We’ve always done it that way. This destructive motivation for making decisions is one of the most common. We all generally agree we should no longer read Scripture in original languages from papyrus scrolls, yet many church leaders staunchly refuse to make basic changes to their current activities, programs, and environments, even when they are known to be equally inefficient, ineffective, or irrelevant.

It should be noted we do many things in a particular way because they align with a biblical mandate. For instance, we share in Communion every week because that was the practice of first-century churches. A devotional given by an elder prior to Communion, however, is not a biblical mandate and therefore could be changed, particularly if the strongest argument for doing it is, “We’ve always done it that way.”

The key principle to remember is that your role as a church leader is to pastor and protect the congregation; it is not to perpetuate the way your church looked, felt, or operated in the past.


I personally want/like/prefer . . . This motivation is the easiest to understand, though it arguably is the weakest reason to continue doing something a certain way because it boils down to selfishness. The obvious problem is the tendency to make decisions based on the belief that my desires are more important than your desires, or worse, that my comfort, security, or agenda are more important than the church’s efforts to achieve its mission and vision.

That people don’t want to be somewhere or do something that is offensive or unpleasant is understandable, but let’s be honest: Not everything that falls outside “my perfect scenario” is synonymous with “offensive or unpleasant.”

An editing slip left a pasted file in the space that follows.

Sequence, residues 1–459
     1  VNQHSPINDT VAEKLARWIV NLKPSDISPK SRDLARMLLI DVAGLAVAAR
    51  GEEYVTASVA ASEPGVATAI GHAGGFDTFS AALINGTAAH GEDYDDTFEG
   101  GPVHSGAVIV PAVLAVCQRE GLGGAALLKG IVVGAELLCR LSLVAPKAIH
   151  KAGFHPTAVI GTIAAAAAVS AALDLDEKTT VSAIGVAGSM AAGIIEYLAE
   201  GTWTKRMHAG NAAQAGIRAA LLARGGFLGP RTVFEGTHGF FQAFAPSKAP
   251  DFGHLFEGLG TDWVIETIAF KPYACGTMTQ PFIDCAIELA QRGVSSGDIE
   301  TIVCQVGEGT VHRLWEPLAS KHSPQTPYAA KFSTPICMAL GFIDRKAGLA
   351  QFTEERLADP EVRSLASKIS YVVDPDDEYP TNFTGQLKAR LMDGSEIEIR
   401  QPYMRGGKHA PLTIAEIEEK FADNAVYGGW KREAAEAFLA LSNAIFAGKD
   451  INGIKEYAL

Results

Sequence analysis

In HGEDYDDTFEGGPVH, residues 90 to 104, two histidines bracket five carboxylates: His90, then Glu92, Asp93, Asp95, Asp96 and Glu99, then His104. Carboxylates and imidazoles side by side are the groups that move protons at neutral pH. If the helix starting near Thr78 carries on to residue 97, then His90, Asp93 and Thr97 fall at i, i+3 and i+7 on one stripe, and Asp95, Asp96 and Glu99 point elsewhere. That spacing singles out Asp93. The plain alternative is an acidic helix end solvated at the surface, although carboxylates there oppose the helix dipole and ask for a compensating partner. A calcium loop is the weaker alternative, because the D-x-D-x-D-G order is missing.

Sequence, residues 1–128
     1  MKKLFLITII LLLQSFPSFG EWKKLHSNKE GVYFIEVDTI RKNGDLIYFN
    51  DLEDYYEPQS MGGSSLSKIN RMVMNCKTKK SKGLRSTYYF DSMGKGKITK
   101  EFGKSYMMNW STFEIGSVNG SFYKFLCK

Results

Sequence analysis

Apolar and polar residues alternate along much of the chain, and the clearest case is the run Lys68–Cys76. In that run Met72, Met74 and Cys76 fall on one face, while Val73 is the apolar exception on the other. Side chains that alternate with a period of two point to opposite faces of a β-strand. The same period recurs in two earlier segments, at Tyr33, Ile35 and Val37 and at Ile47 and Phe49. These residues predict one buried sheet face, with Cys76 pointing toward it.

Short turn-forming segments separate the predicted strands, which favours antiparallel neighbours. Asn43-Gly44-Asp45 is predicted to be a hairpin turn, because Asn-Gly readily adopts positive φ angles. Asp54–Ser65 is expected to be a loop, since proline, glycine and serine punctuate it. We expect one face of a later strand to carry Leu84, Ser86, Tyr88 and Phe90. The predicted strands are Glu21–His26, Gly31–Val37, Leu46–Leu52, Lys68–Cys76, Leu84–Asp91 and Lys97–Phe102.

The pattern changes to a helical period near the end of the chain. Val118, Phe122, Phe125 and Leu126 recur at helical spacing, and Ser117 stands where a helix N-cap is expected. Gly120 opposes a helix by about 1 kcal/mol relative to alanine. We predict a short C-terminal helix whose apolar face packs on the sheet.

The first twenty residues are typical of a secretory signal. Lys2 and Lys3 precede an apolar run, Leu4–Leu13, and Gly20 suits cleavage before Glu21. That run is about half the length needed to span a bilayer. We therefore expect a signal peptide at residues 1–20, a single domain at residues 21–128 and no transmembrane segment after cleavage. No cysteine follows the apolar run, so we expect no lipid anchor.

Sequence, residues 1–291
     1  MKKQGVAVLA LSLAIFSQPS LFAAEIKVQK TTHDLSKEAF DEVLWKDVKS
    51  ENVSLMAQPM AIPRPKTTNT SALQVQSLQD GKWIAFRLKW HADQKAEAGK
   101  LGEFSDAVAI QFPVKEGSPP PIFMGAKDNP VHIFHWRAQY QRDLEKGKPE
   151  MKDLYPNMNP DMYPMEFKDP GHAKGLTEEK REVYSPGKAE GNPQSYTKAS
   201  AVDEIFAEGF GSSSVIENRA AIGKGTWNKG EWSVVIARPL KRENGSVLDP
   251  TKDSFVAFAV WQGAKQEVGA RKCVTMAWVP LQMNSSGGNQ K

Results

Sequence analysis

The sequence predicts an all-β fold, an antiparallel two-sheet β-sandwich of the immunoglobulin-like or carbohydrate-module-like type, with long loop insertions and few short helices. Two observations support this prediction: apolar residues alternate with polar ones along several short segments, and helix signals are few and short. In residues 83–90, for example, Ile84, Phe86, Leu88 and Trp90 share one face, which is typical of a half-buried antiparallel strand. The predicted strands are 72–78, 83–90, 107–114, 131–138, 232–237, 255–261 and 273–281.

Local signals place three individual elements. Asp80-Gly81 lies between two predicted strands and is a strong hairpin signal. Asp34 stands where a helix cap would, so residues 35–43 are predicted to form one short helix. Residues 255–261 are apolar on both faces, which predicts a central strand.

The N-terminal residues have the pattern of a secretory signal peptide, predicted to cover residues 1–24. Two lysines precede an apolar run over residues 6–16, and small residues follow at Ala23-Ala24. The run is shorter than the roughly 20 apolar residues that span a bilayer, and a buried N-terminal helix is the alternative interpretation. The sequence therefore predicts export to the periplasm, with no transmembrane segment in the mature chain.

The key principle is this: Your role as a church leader is to help establish a culture where people willingly set aside their personal preferences for the sake of the kingdom, and then to make strategic decisions that promote cultural relevance and effectiveness.


It will upset . . . Every congregation has a demographic that represents potential trouble if one or more of its members gets bent out of shape, but no group can generate more fear and trepidation than the primary financial givers. Make a wrong move and the regular tithers might get upset and either reduce their giving or stop contributing altogether. And where would that leave the church? In a state of disaster—at least, that is the commonly presented narrative.

This motivation is a close cousin to “I personally like or prefer . . .”; the only difference being that instead of a church leader personally holding the value, the opinion is attributed to someone else who has the real or perceived ability to create substantial conflict, dysfunction, or financial ruin. And the all too common consequence is that the church’s mission and vision are held hostage.

This is the key principle to remember: Your obligation as a church leader is not to make everyone happy. You can and should create alignment and buy-in, but your ultimate responsibility is to make strategic decisions that help your congregation live out its mission and achieve its vision.


Strategies for a Healthy Leadership Culture

If your church is struggling to define or build momentum around the mission and vision, or if it seems continually besieged by conflict and dysfunction, it is likely key decisions are being driven by one or more of the values identified above. But don’t despair, don’t let regret paralyze you, and most importantly, don’t allow it to continue. Instead, use the following strategies to develop a healthy and biblical leadership culture that will empower your church to achieve its vision:


Formalize the church’s mission and vision. This step is essential because it establishes a rationale for why your church exists, what it seeks to accomplish, and how it engages the neighborhood, nation, and world. If you haven’t formally adopted a mission or vision, invest the necessary time and energy to create them, or simply revert to the Great Commission with an emphasis placed on presenting the biblical gospel in relevant and effective ways in the 21st century. Put your mission and vision on paper and ensure that all of your key leaders wholeheartedly affirm them.